College of Education and Human Development - George Mason University

School of Education Faculty and Doctoral Candidate Partner with West Virginia Birth to Three to Make Early Intervention Services for Young Children More Equitable through Family-Centered Practice

March 5, 2024

Christan Coogle, associate professor in the Special Education program within the School of Education at George Mason University, and Clarissa Wade, a doctoral candidate at Mason pursuing her PhD in Education with a specialization in Early Childhood Special Education and Special Education, are working in support of a training initiative with West Virginia Birth to Three. West Virginia Birth to Three provides services for families who have children under the age of three who have a disability (e.g., Cerebral Palsy, autism spectrum disorder), developmental delay (e.g., language, social emotional) or who may be at risk of a delay (e.g., low birth weight) in their development. Early intervention services focus on support to meet both child and family outcomes.

The Mason team is designing professional development that ensures early intervention practitioners in West Virginia are well-qualified to engage in family-centered services to meet the needs of infants, toddlers, and their families in their natural environments such as homes and communities. This professional development emphasizes the vital role that parents, families, and caregivers play in implementing interventions for their young children. It also enhances the ability of practitioners to better support parents by providing coaching, teaching strategies, and other techniques aimed at helping parents evaluate the needs and progress of their child.

The West Virginia Birth to Three statewide system is funded by the West Virginia Department of Health and Human Services— and serves as the lead agency for implementing Part C of the Individuals with Disabilities Education Act (IDEA) currently under the leadership of Mel Woodcock. This provision of the law requires early intervention services for infants and toddlers with delays or disabilities with the goal of enhancing the capacity of families to meet the developmental needs of their young children, minimizing the need for special education services when they reach school age, and maximizing opportunities for independence later in life.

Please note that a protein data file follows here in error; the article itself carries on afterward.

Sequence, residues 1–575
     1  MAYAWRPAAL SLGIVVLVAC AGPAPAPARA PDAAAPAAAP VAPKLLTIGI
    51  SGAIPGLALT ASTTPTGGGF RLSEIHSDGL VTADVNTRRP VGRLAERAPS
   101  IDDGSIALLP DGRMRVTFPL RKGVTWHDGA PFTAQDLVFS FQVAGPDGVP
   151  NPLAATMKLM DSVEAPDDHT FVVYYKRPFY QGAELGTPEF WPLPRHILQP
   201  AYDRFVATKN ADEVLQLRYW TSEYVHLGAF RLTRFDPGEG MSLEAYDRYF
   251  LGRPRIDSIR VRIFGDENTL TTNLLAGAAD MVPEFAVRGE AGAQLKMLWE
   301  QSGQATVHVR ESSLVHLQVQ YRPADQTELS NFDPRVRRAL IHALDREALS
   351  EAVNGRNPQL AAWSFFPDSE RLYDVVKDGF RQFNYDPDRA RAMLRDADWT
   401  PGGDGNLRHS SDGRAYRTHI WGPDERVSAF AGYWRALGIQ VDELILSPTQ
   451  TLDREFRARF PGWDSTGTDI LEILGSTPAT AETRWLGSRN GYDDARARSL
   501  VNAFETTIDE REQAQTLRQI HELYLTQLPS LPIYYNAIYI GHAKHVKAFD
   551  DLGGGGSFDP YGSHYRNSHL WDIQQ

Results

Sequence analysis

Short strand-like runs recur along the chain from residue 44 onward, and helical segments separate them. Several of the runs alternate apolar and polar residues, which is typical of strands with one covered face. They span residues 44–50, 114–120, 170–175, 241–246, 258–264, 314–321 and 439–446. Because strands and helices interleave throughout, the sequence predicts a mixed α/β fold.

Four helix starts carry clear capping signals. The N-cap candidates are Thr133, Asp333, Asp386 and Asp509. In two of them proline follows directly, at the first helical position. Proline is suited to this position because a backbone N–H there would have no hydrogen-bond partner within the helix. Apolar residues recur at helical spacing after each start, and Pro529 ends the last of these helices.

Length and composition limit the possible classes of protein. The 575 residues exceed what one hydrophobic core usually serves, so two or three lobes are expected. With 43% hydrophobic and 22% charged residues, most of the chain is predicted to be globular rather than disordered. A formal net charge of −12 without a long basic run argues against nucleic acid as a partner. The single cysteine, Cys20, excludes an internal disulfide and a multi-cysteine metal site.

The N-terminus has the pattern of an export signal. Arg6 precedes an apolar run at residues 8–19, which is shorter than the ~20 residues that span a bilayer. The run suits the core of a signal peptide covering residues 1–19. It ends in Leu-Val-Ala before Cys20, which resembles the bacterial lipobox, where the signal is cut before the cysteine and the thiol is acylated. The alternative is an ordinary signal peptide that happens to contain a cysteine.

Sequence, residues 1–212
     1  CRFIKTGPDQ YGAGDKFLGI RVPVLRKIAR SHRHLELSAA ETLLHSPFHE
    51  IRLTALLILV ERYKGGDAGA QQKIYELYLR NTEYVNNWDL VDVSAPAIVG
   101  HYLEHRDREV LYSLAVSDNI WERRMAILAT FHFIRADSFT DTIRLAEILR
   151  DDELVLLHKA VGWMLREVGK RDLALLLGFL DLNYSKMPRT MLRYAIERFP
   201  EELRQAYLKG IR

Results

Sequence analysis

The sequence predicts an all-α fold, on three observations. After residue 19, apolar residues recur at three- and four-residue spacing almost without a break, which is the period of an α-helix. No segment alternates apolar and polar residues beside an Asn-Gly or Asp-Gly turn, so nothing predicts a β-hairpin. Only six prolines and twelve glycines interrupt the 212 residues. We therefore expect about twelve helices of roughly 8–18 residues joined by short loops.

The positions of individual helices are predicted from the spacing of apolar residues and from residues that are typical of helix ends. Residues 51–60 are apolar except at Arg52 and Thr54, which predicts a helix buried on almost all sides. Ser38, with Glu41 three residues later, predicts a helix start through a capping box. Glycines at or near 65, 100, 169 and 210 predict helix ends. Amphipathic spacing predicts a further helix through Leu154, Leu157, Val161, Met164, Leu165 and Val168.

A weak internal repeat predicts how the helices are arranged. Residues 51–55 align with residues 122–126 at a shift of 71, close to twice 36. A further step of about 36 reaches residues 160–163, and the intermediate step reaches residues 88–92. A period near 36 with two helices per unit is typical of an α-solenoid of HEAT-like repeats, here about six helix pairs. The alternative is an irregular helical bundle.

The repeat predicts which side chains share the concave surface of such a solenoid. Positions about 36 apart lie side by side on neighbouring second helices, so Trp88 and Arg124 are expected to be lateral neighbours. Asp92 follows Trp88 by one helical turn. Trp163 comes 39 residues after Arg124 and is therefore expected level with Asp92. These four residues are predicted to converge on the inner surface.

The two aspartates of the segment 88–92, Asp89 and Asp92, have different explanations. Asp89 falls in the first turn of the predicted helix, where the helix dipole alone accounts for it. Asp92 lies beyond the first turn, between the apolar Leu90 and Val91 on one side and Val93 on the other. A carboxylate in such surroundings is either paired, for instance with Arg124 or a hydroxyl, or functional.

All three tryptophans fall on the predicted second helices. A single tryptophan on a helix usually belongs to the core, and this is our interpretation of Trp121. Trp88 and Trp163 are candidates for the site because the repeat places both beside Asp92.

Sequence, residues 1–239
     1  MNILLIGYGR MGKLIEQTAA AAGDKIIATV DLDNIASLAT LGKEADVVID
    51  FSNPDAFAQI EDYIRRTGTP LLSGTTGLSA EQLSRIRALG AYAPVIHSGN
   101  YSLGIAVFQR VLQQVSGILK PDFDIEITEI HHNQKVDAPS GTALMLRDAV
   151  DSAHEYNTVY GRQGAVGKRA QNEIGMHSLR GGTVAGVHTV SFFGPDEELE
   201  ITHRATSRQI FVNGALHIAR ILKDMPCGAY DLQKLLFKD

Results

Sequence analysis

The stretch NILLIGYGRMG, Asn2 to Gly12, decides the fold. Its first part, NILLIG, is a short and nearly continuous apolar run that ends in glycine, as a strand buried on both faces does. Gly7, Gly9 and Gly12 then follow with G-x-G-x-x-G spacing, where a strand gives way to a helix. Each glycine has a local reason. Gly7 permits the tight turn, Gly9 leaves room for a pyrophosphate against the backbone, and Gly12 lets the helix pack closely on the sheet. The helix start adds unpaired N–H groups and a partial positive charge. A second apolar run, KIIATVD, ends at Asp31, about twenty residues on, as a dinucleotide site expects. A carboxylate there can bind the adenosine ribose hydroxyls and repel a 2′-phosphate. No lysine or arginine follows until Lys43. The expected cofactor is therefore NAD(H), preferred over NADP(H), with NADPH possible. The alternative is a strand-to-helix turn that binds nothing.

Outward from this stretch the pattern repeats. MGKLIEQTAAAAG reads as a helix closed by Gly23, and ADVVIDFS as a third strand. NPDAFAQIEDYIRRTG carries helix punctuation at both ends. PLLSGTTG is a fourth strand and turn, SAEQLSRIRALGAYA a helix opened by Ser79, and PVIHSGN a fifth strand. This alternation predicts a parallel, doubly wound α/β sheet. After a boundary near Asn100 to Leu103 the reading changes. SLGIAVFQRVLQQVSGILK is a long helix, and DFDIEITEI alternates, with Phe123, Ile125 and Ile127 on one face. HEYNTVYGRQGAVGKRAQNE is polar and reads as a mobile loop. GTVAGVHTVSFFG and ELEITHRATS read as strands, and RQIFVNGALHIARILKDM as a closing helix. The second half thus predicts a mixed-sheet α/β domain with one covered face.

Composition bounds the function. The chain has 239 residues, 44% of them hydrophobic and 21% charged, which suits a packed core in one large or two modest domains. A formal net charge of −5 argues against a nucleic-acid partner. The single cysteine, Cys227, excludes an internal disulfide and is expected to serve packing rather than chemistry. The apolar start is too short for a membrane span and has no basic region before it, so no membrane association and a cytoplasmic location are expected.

Clarissa Wade (left) and Christan Coogle are partnering with the "West Virginia Birth to Three" statewide early intervention system.

The Mason Team Focuses on the Early Intervention Needs of Young Children in Rural Communities

Coogle says that although early intervention services have been provided for decades, there are still many families, especially families from low-income and culturally diverse backgrounds, who do not have access to the high-quality early intervention services they are entitled to. She points out that in underserved rural communities there is a significant association between poverty and poor developmental outcomes. Practitioners often travel hours and hours during the week to engage in home visits. “For this reason,” Coogle stated, “we had to think about what can be both effective and feasible in addressing the unique needs of a rural community. Technology-enhanced support has been one way we have tailored our approach.”

Coogle explains that following numerous conversations with intervention practitioners, state administrators, families, higher education faculty, and students it became clear that practitioners in rural West Virginia needed support in the delivery of family-centered services and in transitioning knowledge into application. In response, a team of leaders including early intervention practitioners (e.g., Sheila Zickefoose, Kristy Stout, Renee Morris), administrators (e.g., Mel Woodcock, Wendy Miller, Susan Rispress, Sarah Feick, Kately Thaxton), families (Katie Heidel, Kristy Stout and Wendy Miller), and higher education personnel (e.g., Christian Coogle) and doctoral students (e.g., Clarissa Wade) developed a tiered system of support with both an overview course and five communities of practice to support implementation of family-centered practices. “Using a tiered approach to support personnel demonstrates a true shift in mindset,” Coogle states. “Instead of us asking the question, ‘why are practitioners unable to adopt these practices?’ we are asking, ‘what supports can we put in place to help all practitioners to be successful?’”